Tuesday, July 9, 2013

Jackie Robinson and Martin Luther King, Jr.

Jackie Robinson and Martin Luther King at Howard University receiving honorary of Doctor of Law degrees. Robinson had just retired from professional baseball earlier in the year. Ca. 1957. 

This is quite a historic shot of, without question, the two most significant figures in the 20th century movement for racial civil rights in America.

Monday, July 8, 2013

Cox-Roosevelt Piece - Campaign of 1920

Pictured above is one of the top posters in the hobby of political item collecting.  It is from the campaign of 1920. Pictured are Democratic candidates James Cox, a communications pioneer and giant from Ohio, and a young Franklin D. Roosevelt of New York State.  They would lose soundly to a GOP ticket of Warren Harding and Calvin Coolidge in November of 1920. 
This poster hangs in the corporate headquarters of Cox Communications in Atlanta, among a collection of the top James Cox campaign pieces in the nation.  The collection is available for view by the public.  It is an exceptional collection of American campaign history.   

Picture of the Day - Eleanor Roosevelt

Here is Eleanor Roosevelt appearing at the 1960 Democratic Convention.

Interestingly, Eleanor herself was born into the wealthy and well-connected New York family, the Roosevelt's.  Eleanor's father was Elliott Bullock Roosevelt.  She was the niece of President Theodore Roosevelt, Elliott's brother.  She married her father's 5th cousin, Franklin Delano Roosevelt. She was the nation's longest serving First lady, serving from 1933 to 1945. 

The Roosevelt's marriage was complicated from the beginning by Franklin's controlling mother, Sara, and after discovering Franklin's affair with Lucy Mercer in 1918, Eleanor resolved to seek fulfillment in a public life of her own.  She was a strong First Lady, very involved with, and very committed to, the affairs of the nation.

Mrs. Roosevelt died, two short years after the above photograph was taken, at age 78, in November of 1962.

Humor For the Day

NSA government surveillance scandal is a concern for many, especially for the little boy now.

Thursday, July 4, 2013

Picture of the Day

Here is a nice shot of your 5 living Presidents, a gathering at the recent dedication of the new GW Bush Presidential Library.

On today, July 4th, I realize it is supposedly more appropriate to reflect on those who have served the nation in military uniform, but I choose to reflect on how unique it is that in America the military, and the nation, is lead by citizens out of uniform, by the people.  I salute the service of the 43 men, represented by these living 5, who have chosen to put themselves in this awesome position of world leadership.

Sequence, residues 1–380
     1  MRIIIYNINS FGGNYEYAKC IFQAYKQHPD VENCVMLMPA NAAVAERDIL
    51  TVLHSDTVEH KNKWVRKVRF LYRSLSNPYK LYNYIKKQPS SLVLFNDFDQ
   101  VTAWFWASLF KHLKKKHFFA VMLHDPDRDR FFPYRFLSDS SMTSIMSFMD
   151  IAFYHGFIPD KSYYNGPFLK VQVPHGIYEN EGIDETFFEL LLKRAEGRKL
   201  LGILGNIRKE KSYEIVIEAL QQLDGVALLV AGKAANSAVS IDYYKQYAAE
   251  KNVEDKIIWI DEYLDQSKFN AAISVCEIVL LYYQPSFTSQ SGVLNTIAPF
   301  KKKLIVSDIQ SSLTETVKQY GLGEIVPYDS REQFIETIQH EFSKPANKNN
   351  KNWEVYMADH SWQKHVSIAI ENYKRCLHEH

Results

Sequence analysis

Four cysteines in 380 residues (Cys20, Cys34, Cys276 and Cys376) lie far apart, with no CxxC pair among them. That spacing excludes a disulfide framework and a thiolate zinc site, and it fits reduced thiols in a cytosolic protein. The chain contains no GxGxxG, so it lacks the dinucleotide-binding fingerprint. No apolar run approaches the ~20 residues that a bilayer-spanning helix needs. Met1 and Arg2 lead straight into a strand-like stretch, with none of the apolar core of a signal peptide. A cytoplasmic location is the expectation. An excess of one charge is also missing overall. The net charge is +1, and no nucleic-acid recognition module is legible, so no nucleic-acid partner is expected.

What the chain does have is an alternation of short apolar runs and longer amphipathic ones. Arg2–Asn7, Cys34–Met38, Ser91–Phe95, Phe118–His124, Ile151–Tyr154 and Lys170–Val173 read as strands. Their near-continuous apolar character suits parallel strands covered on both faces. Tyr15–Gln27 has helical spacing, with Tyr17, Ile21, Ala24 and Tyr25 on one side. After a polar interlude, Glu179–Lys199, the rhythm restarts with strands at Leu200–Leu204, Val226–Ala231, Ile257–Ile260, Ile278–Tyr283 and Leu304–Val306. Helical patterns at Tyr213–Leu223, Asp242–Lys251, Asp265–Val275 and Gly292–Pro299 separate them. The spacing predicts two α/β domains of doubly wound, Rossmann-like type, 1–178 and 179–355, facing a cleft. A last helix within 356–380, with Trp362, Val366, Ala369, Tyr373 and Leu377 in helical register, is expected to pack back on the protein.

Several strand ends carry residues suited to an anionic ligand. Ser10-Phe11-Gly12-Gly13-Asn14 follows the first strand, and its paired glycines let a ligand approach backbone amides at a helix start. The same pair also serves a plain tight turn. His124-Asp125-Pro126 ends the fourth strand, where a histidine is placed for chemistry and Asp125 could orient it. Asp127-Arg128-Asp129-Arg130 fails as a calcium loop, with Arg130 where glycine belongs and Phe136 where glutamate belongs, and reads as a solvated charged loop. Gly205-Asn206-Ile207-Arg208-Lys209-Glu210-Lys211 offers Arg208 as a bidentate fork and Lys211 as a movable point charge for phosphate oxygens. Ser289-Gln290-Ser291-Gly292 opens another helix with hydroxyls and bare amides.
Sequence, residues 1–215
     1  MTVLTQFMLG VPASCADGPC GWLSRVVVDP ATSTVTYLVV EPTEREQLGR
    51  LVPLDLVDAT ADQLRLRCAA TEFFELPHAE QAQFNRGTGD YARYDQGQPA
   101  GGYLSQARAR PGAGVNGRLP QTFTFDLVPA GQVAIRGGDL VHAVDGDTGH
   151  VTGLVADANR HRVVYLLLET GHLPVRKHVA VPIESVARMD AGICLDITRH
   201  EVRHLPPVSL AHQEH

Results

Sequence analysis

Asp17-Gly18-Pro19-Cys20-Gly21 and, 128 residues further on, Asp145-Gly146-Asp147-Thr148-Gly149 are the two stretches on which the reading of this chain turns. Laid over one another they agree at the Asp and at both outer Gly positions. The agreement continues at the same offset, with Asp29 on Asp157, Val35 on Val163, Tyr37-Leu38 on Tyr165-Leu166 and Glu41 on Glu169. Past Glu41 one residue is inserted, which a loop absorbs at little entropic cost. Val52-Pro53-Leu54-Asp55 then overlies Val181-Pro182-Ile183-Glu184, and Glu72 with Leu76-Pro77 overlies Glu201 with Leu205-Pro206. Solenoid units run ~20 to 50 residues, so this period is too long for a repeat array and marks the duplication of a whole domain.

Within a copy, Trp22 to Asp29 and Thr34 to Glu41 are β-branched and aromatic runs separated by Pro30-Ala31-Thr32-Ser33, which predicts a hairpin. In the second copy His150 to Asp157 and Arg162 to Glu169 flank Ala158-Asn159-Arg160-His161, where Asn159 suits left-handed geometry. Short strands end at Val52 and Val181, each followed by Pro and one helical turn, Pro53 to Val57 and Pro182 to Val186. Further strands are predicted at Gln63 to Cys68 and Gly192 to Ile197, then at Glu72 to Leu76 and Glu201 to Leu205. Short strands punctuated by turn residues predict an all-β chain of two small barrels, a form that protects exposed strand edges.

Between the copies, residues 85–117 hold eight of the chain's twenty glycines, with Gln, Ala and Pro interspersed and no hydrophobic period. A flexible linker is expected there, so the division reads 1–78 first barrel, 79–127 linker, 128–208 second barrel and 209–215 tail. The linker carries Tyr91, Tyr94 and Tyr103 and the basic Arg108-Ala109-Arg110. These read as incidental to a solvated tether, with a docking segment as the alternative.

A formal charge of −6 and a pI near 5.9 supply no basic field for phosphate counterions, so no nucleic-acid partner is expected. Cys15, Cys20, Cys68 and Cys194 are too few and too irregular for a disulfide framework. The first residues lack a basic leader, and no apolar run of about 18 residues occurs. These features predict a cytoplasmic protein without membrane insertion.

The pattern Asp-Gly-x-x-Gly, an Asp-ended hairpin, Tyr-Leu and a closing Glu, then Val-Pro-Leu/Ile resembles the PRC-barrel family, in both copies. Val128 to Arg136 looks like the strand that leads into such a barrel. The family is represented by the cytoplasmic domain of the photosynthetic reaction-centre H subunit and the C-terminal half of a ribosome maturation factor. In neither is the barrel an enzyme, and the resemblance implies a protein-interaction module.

Today, I wish a happy, and a grateful, American Independence Day 2013 to each of them and to you the people, who they have attempted to serve and lead for 237 years of our nation.

July 4th, 1939

A panoramic view of perhaps the most historic scene in baseball history. Few moments within the game actually transcend the sport - this is most certainly one of them.  Lou Gehrig, age 36, stricken with ALS, gives his farewell address to the world in which he assures the world that he is "the luckiest man on the face of the earth."  He would die two short years later.

Wednesday, July 3, 2013

Baseball......the "Ineffable"

Baseball can be fun for some, a nice recreational outlet from life's stresses and challenges.  For others of us, it can be much more.

As a young person, baseball for me built self-esteem, self-confidence, positive self-concept.  It provided social activity, socialization, recreation.  Baseball helped me in college selection and admission and helped with my college tuition.  Baseball resulted in travel opportunities as a young person I would not have otherwise experienced, exposure to the world, my first airplane flight, an unforgettable trip to Cooperstown with my son, Spring Training trips with my wife, and much, much more.

As was so beautifully expressed in a wonderful book I recently read, "Baseball as a Road to God" by John Sexton, baseball can provide very deep meaning for some of us.  For some, baseball can touch the spiritual dimension of life......the "ineffable", as Sexton explains, that which cannot be defined or captured with words.